Yesterday, I hopped the train to Kanchanaburi, 100 miles northwest of Bangkok. Train rides are usually low stress transportation, often with a lot of personality. And the ride to “Kan” is a lot of personality.
The train travels through lush tropical countryside with a lot of clack clacking and sideways jogs. Food hawkers come through at every stop with barbecued chicken and pork buns and rice cakes wrapped in banana leaves. The conductors “wai” at you after punching your ticket. Less charmingly, the train has no air conditioning except for open windows, which didn’t seem to do much for the temperature in the car. I was vaguely comforted to see that even the Thais on the train seemed somewhat affected.
I could have ridden on an air conditioned bus but chose the train to Kan because it runs on the line called the “Death Railway”, which was built by tens of thousands of prisoners of war — mostly British, Australian and SE Asian — during World War II, when Japan was making its march through Southeast Asia to India. The Death Railway goes over the Bridge On the River Kwai, which was my destination in Kan.
Most Americans grow up learning a lot about Hitler’s reign of terror but not much about Japan’s empire building during a similar period. Here is a map of what Japan’s empire looked like by 1942 when the famous bridge was built:
You may notice, especially if you are a relativist, that Japan was targeting territories previously colonized without local permission by the British, the French and the Dutch.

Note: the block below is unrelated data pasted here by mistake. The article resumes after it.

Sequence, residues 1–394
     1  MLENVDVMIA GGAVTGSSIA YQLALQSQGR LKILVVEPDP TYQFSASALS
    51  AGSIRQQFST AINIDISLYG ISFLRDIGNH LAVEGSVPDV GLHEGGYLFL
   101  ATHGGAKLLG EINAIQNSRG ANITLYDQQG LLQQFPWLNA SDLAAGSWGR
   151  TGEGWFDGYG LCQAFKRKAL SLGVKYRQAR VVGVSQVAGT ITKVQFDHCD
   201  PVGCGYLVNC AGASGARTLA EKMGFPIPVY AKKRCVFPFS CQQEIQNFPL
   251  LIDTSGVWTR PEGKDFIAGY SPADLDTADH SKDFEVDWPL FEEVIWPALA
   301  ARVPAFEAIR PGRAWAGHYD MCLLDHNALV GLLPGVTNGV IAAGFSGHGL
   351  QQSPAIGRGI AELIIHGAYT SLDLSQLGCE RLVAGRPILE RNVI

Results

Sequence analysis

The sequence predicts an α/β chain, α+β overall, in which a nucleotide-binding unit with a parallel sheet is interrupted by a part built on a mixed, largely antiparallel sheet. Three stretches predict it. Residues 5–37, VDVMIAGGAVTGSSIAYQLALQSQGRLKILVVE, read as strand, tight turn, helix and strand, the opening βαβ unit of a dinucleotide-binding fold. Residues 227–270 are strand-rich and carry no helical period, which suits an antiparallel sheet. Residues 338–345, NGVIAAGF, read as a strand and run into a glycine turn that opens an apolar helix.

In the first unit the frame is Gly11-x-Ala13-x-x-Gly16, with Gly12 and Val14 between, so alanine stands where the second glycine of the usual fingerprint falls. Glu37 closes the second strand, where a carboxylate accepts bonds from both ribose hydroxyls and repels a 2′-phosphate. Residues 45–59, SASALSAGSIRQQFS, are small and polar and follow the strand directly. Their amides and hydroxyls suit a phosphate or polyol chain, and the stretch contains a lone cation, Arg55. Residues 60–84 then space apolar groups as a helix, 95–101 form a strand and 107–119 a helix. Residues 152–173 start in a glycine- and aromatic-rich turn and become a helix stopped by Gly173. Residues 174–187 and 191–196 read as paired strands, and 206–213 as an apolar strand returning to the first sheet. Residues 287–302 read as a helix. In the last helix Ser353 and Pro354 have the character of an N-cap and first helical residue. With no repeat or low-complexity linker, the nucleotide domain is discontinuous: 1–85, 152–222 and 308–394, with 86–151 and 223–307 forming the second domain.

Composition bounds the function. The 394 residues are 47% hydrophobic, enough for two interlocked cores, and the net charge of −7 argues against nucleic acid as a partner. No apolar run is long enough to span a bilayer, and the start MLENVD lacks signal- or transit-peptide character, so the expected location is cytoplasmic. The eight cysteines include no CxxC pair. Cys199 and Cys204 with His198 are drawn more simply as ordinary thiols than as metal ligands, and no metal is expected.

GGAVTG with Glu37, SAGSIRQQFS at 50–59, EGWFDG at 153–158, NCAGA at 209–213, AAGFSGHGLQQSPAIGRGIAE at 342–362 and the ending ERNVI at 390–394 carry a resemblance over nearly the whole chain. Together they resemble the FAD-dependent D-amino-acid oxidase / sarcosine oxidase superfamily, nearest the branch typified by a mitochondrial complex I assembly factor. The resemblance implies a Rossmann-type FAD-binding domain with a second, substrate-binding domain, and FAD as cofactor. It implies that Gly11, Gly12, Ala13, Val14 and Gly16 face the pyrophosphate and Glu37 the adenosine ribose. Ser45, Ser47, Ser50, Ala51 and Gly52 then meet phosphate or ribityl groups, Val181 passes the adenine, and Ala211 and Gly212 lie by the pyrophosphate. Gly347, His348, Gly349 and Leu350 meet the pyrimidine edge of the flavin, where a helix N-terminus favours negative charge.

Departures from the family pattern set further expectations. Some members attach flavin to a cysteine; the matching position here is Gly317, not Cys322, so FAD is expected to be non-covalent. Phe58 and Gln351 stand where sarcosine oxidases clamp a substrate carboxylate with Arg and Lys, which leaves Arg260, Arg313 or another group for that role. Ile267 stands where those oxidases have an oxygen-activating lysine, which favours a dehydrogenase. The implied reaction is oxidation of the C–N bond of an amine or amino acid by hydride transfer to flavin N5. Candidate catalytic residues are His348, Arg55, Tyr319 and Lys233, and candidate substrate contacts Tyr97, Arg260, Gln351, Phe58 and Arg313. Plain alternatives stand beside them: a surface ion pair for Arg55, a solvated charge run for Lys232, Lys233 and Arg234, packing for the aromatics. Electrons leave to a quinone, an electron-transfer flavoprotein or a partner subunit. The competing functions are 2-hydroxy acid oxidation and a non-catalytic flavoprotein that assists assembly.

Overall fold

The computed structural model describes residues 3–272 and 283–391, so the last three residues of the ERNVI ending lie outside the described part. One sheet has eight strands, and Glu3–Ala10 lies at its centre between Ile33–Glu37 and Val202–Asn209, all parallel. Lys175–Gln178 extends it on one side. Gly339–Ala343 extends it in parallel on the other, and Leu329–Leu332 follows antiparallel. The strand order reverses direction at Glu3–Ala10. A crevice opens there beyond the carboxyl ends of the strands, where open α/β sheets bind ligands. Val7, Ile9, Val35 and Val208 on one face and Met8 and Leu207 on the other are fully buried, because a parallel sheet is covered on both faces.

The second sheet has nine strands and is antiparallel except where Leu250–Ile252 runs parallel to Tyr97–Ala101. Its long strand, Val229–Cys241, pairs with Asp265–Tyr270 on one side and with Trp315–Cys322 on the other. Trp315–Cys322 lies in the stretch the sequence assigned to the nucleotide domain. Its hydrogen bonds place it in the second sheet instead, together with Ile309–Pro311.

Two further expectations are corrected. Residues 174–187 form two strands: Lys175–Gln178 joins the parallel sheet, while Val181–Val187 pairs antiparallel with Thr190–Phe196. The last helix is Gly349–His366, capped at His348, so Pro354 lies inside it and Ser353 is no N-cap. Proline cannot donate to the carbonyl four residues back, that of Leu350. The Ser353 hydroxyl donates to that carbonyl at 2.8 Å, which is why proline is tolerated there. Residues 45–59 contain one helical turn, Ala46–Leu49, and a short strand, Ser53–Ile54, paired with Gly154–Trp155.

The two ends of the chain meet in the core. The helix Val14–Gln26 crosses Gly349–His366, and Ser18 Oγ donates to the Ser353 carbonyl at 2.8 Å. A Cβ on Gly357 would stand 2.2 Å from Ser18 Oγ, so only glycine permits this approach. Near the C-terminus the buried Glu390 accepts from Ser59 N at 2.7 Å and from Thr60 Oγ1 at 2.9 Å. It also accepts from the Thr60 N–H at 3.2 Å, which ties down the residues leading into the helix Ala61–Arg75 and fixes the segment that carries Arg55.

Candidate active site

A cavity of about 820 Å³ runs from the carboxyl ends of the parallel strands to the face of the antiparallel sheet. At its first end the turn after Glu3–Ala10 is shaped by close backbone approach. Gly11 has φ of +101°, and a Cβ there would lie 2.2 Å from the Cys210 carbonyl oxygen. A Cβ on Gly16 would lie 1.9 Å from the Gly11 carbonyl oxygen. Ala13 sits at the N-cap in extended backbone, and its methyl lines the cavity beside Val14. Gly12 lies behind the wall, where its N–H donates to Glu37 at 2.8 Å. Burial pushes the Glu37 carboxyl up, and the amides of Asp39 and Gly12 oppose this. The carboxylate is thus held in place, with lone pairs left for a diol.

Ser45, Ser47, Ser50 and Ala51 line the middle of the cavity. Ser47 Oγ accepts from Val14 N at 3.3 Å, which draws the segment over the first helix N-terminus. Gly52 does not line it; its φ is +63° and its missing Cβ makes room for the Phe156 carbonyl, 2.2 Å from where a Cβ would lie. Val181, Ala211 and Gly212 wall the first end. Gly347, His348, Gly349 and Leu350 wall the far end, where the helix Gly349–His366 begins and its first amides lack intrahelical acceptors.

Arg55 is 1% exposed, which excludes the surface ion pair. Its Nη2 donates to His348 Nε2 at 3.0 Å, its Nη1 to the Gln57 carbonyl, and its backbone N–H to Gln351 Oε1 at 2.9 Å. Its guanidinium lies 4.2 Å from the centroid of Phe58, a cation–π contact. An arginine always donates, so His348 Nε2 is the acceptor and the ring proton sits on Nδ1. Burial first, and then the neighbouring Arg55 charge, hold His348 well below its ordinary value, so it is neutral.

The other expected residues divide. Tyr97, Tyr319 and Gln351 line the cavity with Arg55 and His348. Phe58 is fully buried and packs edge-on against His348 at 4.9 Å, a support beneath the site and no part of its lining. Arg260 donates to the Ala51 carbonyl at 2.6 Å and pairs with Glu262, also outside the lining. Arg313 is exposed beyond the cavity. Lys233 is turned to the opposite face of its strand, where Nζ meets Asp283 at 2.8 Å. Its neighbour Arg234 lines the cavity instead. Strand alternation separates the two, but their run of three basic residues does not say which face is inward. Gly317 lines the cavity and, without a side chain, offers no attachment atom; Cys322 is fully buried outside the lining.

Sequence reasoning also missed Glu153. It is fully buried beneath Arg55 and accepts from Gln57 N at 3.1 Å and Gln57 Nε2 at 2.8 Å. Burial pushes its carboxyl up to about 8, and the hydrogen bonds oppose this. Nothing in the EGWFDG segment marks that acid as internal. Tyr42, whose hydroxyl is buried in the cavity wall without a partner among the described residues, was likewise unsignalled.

Anyway, Kan is a very small town with an economy that relies a lot on tourists who are curious about the famous bridge. I read “Bridge on the River Kwai” on my way here and it is a great read. But the book and the 1957 award-winning movie of the same name include many historic inaccuracies. For example, they tell a story about bombing a bridge that the Allies did not bomb spanning a river over which there was no bridge. In fact, the Thais renamed the Mae Klong River in order to accommodate western tourists who traveled to Kan to see the bridge Hollywood made famous. The book and the movie portray the relationships between the POWs and their Japanese captors as just short of collaborative. A more realistic — and painful — account is included in the recent Man Booker prize winning novel “The Narrow Road to the Deep North.”
I learned a lot of this today on a 15 mile bike ride with Irish ex-pat tour guide, Vinnie. Vinnie also showed me the Khao Pun cave, located at a temple with a fat Buddha overlooking the river. We climbed through the cave, which is lined with Buddhas of all shapes and sizes. and full of tiny bats.
After all that exercise, I headed over to On’s Thai Issan Vegetarian Restaurant. On, whose flyer says she is never off, cooks at a single wok on the sidewalk and chops vegetables on a cutting board the size of a salad plate. Her tiny, not-one-bit-fancy cafe is Kan’s Number 1 restaurant on tripadvisor and there is plenty of good competition in town. I had the most amazing banana flower salad, full of ginger, basil, garlic, coconut dressing and cashews. Maybe the best Thai dish I have ever had. Ever.
THE NARROW ROAD TO DEEP NORTH harrowing and eye opening. Amazing to know you are traveling over it.
Wow! Thanks for the all-too-brief review of Bridge Over the River Kwai misconceptions and inaccuracies. I thought I knew WWII history pretty well, but now I realize I need to keep digging into that particular theater of the war.
Your photos are again superb.
You are having an amazing journey, Kim! The cave, the bridge, the food! Before going to Japan, I read Basho’s book of 17th Century travels, “The Narrow Road to the Deep North.” I also read and was overwhelmed by Richard Flanagan’s Booker prize winner, to which he gave the same title. What a tangled web of history.